SynGAP is a brain-specific ras GTPase-activating protein that is an abundant component of the signaling complex associated with the NMDA-type glutamate receptor. We generated mutant mice lacking synGAP to study its physiological role. Homozygous mutant mice die in the first few days after birth; however, neurons from mutant embryos can be maintained in culture. Here, we report that spine and synapse formation are accelerated in cultured mutant neurons, and the spines of mature mutant neurons are significantly larger than those of wild type. Clusters of PSD-95 and subunits of AMPA-type and NMDA-type glutamate receptors accumulate in spines of mutant neurons by day 10 in vitro, whereas in wild-type neurons they are still mostly located in dendritic shafts. The frequency and amplitude of miniature EPSCs are larger in mutant neurons at day 10 in vitro, confirming that they have more functional synapses. At day 21 in vitro, the spines of mutant neurons remain significantly larger than those of wild type. The mutant phenotype at day 10 in vitro can be rescued by introduction of recombinant wild-type synGAP on day 9. In contrast, introduction of mutant synGAP with a mutated GAP domain or lacking the terminal domain that binds to PSD-95 does not rescue the mutant phenotype, indicating that both domains play a role in control of spine formation. Thus, the GAP activity of synGAP and its association with PSD-95 are important for normal regulation of spine and synapse formation in hippocampal neurons.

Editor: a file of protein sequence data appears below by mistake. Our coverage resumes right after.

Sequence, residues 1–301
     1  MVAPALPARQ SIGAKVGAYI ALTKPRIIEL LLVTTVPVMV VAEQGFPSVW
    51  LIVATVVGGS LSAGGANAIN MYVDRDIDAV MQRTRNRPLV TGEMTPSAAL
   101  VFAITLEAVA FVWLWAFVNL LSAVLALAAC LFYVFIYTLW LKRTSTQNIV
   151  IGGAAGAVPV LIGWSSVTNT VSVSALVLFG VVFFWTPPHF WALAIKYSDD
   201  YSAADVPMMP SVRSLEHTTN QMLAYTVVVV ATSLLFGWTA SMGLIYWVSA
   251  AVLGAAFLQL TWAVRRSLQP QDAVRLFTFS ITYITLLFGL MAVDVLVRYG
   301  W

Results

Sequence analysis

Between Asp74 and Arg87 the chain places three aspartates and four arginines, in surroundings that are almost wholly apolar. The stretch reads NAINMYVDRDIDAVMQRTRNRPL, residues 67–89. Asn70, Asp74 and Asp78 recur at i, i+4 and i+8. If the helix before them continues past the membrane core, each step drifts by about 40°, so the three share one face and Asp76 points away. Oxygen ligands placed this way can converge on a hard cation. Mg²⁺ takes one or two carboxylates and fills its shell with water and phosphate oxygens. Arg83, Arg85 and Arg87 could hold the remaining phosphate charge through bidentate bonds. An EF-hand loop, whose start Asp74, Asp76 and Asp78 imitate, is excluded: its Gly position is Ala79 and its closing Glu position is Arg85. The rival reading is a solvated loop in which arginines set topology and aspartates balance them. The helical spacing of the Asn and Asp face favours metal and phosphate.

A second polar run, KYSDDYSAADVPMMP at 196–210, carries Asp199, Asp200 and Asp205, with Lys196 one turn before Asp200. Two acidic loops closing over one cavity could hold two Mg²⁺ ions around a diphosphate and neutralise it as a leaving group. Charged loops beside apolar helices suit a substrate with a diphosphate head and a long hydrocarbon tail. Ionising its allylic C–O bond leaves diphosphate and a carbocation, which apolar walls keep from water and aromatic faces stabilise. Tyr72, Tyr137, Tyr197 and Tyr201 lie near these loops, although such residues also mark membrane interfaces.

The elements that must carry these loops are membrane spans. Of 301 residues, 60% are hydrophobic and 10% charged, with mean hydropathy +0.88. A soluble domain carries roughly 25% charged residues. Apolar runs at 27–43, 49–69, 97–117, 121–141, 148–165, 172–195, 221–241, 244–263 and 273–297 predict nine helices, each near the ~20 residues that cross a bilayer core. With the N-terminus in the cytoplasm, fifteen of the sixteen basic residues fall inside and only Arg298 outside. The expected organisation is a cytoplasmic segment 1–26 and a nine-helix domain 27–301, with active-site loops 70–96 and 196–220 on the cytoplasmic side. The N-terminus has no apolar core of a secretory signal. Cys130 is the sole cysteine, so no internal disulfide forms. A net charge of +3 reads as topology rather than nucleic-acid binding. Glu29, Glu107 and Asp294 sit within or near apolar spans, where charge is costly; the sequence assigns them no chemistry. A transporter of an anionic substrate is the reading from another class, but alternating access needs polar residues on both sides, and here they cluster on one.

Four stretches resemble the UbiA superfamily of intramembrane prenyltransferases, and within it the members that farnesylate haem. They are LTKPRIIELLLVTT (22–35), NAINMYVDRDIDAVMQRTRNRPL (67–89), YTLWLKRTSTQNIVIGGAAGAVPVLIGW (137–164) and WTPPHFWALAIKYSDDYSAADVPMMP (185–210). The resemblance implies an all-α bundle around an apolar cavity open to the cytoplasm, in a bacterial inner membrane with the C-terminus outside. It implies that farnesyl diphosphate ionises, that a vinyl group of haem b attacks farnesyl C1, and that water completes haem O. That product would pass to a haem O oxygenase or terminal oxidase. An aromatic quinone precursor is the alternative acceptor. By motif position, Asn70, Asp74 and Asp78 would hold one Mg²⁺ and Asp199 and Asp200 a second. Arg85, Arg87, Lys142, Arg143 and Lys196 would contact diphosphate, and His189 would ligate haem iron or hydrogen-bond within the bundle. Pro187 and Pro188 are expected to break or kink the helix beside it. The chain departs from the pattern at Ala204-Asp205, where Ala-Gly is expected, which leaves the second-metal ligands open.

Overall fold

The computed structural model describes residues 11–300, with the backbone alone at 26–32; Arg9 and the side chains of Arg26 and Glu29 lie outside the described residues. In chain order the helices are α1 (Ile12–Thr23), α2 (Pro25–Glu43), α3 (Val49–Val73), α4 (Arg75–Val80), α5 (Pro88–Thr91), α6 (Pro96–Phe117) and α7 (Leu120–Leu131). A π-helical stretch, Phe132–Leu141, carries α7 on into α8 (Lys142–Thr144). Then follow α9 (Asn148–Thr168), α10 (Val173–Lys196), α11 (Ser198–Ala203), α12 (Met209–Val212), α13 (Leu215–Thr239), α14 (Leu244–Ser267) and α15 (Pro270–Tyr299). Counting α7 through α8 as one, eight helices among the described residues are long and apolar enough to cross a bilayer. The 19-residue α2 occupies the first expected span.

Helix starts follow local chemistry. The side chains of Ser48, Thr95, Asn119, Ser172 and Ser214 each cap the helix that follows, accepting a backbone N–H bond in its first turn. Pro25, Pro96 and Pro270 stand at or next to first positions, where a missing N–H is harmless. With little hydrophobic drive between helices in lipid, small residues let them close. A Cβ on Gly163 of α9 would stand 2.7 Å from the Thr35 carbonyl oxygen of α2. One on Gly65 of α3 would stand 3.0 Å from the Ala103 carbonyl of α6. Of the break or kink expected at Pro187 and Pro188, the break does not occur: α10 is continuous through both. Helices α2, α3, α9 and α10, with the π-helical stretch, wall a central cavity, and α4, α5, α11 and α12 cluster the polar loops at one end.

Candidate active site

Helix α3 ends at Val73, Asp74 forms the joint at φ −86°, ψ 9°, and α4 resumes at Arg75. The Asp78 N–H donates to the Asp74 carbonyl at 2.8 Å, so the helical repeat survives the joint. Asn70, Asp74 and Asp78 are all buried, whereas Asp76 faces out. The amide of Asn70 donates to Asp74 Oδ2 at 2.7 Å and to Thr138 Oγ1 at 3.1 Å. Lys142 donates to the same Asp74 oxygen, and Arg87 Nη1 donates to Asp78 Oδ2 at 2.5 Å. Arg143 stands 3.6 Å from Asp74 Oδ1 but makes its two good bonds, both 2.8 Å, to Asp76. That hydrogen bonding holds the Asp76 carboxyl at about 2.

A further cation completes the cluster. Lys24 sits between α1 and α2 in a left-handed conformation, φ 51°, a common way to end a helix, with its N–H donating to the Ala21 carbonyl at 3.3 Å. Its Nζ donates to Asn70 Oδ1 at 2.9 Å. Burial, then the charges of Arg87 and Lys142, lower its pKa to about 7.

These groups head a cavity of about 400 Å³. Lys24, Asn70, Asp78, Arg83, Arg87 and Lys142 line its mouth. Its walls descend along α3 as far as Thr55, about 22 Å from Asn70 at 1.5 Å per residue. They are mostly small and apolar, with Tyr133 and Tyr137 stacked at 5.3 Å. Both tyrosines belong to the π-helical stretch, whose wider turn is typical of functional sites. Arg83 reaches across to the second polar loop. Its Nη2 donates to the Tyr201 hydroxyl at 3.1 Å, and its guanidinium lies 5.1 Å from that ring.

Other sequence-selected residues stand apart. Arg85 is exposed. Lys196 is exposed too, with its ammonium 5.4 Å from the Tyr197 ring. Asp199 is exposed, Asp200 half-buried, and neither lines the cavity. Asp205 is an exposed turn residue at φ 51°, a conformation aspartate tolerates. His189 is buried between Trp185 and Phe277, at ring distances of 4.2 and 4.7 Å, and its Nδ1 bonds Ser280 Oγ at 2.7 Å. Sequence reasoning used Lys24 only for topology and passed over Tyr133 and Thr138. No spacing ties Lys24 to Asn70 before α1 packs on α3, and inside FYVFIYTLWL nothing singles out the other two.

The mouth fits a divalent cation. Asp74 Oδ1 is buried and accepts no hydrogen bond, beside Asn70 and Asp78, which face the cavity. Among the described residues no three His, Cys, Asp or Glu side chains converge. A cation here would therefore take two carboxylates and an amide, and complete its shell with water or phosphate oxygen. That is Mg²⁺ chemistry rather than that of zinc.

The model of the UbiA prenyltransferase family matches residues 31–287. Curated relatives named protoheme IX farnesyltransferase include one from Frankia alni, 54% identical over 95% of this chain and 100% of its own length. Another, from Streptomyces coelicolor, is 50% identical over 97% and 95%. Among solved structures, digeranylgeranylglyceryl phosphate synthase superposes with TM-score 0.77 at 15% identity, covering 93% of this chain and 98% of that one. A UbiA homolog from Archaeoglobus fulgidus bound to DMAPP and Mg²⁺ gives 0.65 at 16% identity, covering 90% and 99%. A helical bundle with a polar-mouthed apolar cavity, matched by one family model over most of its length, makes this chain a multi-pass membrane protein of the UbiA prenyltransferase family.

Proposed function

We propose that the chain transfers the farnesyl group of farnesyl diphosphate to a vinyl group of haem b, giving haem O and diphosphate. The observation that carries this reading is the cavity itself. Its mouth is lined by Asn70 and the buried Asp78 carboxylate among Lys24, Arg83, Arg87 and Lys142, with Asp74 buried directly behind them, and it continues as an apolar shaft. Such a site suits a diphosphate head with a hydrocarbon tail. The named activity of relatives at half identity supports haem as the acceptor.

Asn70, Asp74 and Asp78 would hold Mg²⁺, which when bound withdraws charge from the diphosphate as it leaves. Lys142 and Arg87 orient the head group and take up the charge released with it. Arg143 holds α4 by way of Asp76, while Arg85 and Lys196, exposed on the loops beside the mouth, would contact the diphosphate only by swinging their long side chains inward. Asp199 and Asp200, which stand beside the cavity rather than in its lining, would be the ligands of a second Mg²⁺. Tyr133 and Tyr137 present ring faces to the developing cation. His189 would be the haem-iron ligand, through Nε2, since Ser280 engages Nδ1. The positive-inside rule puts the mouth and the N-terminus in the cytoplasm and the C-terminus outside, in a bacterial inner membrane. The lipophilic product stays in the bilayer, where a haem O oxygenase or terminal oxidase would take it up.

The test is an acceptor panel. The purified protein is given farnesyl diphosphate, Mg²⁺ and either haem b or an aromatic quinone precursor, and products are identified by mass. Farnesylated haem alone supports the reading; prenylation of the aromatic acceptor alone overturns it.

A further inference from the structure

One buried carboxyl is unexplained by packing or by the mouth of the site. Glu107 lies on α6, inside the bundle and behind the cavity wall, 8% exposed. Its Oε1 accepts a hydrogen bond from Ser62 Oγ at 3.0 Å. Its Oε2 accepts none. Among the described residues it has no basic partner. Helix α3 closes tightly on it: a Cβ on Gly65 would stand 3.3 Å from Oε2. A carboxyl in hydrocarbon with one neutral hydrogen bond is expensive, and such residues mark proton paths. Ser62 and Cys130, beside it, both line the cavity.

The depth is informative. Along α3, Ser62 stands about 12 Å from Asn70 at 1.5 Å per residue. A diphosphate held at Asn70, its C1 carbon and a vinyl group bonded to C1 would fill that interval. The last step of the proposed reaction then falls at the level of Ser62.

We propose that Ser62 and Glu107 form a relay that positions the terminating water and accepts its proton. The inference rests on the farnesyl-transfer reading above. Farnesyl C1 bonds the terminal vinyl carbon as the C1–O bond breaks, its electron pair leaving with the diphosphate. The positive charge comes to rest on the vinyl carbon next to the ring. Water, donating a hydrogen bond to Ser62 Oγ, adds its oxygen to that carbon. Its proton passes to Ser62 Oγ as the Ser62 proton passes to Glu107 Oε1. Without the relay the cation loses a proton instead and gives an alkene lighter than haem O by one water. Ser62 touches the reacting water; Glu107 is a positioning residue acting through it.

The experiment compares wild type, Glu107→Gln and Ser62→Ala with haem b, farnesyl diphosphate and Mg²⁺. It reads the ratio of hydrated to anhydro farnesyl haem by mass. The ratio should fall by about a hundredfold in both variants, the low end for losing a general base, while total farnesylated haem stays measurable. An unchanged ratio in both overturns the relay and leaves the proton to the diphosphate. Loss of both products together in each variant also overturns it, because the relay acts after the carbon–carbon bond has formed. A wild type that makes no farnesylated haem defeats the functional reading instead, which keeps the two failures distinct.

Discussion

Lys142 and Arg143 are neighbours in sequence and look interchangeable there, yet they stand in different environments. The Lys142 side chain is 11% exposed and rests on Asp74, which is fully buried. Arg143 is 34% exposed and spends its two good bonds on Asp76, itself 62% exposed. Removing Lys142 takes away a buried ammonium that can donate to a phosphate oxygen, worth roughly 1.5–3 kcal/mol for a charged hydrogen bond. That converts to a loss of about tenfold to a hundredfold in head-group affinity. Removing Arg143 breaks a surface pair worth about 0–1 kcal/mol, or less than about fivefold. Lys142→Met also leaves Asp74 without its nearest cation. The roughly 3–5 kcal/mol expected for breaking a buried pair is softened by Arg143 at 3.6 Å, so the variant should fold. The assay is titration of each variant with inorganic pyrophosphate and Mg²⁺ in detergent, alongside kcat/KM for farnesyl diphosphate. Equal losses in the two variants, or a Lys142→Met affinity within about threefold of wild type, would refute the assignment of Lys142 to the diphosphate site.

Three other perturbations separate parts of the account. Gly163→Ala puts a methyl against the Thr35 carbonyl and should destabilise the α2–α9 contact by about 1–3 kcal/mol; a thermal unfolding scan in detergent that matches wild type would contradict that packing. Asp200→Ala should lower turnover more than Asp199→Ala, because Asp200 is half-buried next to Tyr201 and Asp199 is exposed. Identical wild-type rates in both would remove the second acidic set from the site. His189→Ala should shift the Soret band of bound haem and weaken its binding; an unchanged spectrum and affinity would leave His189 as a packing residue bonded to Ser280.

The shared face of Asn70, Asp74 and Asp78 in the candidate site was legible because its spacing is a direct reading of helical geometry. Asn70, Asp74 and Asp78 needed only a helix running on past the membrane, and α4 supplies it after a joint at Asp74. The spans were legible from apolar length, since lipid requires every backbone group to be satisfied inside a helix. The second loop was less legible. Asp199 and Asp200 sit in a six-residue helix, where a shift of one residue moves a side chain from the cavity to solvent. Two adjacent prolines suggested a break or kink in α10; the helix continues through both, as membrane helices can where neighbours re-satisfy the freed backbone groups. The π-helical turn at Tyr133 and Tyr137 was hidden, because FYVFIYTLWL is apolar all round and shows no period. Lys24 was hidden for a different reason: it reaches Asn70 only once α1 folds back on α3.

ASJC Scopus subject areas